This has provided many with a legitimate reason to doubt the official narrative taking shape around attack. We also know that a forth suspect linked to the terror attacks left France days before the event and is now in Syria according to French police. It is also important to note that it has only been a few days since the shootings and a senior police commissioner in charge of the investigation into the Charlie Hebdo shootings has already ended up dead.
What we do know is that this footage suggests the officer was likely not shot in the head by an AK-47 (a 7.62×39mm round), as claimed by the corporate media. I’m not here to tell you this is some sort of hoax, or what will be happening next. I am asking you to watch the video below with an open mind:
Jordi Mir, the man who filmed the shooting while sitting alone in his apartment, now says that he regrets filming and subsequently posting the video to his Facebook account. Mir removed the video from his social media account 15 minutes after posting, but not before someone grabbed the footage from his account and posted it to YouTube. The amateur cameraman called the his decision to share the video on Facebook a “stupid reflex”.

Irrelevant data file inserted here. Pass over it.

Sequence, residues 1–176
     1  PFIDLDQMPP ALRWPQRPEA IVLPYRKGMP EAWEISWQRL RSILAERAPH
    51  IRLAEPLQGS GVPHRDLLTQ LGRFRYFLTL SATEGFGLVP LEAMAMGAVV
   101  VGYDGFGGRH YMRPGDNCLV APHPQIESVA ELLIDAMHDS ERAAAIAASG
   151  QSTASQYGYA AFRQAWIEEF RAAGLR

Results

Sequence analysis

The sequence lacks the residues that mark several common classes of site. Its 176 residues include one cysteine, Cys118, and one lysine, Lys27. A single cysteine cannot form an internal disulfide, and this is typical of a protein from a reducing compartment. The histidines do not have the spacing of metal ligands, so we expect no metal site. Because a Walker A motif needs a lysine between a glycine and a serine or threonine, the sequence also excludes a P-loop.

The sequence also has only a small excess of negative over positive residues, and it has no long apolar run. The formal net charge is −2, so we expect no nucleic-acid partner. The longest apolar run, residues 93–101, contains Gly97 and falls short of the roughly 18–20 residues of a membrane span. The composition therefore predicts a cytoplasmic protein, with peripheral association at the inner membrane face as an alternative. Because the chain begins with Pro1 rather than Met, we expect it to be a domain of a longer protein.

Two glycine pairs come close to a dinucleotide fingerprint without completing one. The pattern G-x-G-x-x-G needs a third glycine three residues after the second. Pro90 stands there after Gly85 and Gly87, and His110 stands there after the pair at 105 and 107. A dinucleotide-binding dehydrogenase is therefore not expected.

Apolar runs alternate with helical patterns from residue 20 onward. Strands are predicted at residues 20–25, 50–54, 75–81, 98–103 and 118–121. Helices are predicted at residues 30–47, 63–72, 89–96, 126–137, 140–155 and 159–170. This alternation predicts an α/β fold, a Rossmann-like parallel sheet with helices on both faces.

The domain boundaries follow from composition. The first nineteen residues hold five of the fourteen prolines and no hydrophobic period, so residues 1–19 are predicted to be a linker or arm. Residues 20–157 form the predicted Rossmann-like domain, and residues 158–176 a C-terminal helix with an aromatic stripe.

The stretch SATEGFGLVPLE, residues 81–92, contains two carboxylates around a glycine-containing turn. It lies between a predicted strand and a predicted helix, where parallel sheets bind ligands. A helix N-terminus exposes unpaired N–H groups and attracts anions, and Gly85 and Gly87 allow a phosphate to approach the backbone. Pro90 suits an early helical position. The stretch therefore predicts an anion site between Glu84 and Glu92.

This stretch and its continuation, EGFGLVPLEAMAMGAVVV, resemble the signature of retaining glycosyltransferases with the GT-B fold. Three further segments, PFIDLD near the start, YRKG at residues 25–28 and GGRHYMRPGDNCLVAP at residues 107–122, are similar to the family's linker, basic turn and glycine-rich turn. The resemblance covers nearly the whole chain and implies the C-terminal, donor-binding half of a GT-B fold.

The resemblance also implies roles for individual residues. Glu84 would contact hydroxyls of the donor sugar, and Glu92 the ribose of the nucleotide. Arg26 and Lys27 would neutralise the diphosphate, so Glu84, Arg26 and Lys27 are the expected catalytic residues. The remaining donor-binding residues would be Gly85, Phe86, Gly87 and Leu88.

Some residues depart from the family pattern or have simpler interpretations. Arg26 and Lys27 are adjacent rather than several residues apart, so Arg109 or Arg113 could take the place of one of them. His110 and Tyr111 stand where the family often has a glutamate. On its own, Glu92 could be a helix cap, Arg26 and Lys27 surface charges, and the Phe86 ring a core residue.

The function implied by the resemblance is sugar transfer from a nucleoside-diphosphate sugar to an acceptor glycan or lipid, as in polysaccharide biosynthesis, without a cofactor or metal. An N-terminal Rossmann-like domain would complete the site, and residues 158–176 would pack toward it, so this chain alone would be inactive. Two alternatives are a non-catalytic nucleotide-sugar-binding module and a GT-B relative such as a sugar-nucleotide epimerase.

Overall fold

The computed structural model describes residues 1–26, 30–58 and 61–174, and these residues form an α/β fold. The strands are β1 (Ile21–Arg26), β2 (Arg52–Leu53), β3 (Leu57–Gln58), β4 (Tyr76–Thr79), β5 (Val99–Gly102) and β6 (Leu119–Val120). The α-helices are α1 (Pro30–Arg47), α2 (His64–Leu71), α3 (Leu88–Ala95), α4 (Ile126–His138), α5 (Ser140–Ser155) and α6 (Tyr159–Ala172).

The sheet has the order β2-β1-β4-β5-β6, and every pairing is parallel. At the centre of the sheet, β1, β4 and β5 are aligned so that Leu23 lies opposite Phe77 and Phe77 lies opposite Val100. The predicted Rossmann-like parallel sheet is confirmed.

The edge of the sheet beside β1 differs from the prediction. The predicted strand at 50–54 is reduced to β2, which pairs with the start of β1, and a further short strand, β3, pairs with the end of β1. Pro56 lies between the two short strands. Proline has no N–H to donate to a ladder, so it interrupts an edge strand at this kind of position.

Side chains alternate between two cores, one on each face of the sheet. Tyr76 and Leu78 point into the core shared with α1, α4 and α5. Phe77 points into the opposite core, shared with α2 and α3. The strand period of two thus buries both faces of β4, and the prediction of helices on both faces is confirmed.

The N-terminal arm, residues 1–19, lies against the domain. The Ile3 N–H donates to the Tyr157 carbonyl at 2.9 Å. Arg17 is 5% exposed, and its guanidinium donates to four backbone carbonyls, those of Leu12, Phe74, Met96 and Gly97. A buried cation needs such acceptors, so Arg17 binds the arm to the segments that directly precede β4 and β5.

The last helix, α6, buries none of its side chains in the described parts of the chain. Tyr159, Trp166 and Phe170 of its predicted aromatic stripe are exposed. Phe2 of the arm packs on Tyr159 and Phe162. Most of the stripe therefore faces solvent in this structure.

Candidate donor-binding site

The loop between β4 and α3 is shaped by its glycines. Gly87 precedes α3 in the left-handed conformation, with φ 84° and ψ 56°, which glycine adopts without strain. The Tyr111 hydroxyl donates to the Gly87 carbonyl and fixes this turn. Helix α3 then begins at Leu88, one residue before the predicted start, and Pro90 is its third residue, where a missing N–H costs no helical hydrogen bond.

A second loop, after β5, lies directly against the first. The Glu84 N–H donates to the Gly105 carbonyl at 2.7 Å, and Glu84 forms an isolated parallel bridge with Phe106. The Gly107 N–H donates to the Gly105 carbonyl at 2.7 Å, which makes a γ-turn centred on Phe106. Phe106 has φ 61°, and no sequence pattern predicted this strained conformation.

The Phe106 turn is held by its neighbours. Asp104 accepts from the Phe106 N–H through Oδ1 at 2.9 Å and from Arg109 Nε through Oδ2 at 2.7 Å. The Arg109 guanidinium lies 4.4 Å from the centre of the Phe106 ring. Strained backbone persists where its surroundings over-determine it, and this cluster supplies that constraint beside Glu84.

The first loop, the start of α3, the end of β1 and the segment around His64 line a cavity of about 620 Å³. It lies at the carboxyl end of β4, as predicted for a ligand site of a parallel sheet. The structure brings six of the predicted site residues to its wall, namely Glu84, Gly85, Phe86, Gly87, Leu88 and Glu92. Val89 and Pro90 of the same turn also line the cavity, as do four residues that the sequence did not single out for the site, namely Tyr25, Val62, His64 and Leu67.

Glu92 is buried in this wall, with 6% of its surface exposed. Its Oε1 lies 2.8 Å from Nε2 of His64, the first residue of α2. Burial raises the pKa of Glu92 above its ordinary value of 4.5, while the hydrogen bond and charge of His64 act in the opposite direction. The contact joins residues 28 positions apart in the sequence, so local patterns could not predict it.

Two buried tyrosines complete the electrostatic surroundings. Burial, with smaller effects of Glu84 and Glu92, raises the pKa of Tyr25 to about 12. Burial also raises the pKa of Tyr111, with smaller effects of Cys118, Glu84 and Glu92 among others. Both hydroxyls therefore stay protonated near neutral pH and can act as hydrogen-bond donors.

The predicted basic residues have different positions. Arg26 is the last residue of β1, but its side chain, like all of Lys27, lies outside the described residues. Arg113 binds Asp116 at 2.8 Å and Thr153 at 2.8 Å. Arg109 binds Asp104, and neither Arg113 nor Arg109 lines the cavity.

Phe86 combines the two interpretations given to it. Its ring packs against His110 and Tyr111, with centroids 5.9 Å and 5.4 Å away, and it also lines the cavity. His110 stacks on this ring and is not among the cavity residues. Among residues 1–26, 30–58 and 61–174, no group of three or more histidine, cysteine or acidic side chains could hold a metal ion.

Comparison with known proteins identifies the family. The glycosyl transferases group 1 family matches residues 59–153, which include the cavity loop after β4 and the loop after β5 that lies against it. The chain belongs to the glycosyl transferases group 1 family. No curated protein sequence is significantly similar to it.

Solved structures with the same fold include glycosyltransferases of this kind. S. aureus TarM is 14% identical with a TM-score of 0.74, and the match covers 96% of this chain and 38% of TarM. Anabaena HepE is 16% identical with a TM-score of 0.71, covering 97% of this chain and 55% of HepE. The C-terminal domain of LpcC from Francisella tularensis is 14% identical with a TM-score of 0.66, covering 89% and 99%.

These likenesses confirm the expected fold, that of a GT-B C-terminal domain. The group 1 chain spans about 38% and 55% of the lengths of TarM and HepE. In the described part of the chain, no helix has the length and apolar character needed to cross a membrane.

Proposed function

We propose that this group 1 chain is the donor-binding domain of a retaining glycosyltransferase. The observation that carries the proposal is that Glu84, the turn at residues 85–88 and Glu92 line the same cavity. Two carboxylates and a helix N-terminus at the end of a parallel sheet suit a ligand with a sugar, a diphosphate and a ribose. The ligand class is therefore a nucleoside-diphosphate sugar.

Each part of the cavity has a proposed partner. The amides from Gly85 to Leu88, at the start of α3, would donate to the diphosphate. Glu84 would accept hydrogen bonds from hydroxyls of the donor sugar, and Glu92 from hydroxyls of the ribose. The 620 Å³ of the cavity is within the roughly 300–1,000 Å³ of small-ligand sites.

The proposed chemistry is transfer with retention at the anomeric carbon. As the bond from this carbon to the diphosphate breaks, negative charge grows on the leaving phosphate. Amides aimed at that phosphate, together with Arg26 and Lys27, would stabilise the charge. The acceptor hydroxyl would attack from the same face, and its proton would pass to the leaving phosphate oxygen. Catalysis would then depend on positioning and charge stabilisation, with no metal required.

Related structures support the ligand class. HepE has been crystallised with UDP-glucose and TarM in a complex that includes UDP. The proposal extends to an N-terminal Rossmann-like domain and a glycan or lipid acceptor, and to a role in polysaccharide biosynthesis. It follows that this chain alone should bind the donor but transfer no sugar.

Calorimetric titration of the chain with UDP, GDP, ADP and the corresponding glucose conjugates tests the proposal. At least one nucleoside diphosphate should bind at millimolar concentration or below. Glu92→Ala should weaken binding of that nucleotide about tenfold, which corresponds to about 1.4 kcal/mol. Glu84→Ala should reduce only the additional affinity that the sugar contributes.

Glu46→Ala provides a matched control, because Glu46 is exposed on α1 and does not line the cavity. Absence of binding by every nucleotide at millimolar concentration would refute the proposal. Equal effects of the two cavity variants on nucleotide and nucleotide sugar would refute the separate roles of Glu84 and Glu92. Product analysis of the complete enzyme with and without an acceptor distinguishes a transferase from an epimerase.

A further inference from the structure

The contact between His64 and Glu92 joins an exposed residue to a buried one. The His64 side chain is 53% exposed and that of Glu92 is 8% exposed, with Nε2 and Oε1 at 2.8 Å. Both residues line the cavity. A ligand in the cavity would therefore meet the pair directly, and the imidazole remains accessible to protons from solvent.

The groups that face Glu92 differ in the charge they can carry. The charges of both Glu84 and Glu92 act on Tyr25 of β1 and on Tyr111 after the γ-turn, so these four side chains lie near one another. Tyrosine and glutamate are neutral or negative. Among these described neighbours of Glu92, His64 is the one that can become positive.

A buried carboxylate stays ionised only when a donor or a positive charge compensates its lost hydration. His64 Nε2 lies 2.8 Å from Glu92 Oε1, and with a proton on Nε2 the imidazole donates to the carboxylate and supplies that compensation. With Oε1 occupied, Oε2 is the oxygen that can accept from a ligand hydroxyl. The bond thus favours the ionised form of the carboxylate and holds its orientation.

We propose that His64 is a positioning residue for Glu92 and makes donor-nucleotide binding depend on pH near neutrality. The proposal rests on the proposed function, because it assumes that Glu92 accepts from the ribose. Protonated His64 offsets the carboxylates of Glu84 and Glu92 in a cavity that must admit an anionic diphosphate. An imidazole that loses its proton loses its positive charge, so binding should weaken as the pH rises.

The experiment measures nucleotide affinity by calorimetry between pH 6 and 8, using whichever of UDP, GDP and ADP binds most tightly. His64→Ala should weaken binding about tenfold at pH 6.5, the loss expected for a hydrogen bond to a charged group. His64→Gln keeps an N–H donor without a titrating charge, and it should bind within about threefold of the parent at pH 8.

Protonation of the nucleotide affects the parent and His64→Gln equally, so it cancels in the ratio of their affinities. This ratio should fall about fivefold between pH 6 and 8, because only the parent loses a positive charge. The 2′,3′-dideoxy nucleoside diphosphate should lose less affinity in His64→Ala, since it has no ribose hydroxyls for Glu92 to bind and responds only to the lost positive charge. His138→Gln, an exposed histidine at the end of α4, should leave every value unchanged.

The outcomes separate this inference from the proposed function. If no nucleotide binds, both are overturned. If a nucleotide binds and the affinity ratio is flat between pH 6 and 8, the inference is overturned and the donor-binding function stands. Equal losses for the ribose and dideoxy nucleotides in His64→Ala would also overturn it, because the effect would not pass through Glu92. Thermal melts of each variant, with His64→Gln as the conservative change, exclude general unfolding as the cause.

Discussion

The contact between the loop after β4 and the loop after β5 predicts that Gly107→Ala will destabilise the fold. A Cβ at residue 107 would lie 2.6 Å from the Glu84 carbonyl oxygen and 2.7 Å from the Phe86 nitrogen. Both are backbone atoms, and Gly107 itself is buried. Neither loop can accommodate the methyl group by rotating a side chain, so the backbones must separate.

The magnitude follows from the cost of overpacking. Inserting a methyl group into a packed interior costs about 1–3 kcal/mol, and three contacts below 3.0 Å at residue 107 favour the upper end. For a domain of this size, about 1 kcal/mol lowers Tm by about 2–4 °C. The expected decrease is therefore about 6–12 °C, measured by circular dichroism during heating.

In November Israeli PM Benjamin Netanyahu warned it would be a “grave mistake” for France to recognize a Palestinian state. On Monday French President Hollande asked for Western sanctions on Russia to be lifted. Two days later, Paris was attacked.
It appears that the Paris terror attack has bolstered the European right. Massive protests (over 700,000 today) continue to rage across France, while new support for the more militant anti-immigration policies of the National Front rapidly grows. Remember the American government under George W. Bush?
We’ve been told that these professionally trained terrorists left their identification cards in the getaway car before making an effort to conceal their identity by putting on ski masks. How could they be so careless and so well trained, as the media is reporting, at the same time?
According to Reuters, in 2011 one of the Charlie Hebdo shooting suspects met with al-Qaeda leader Anwar al-Awlaki in Yemen. You probably recognize this name as the first American to ever be killed by a US drone strike. What you likely missed was that in 2012 the FBI admitted it knew in October of 2002 they knew Anwar al-Awlaki was returning to the US before they detained him and abruptly released al-Awlaki from federal custody.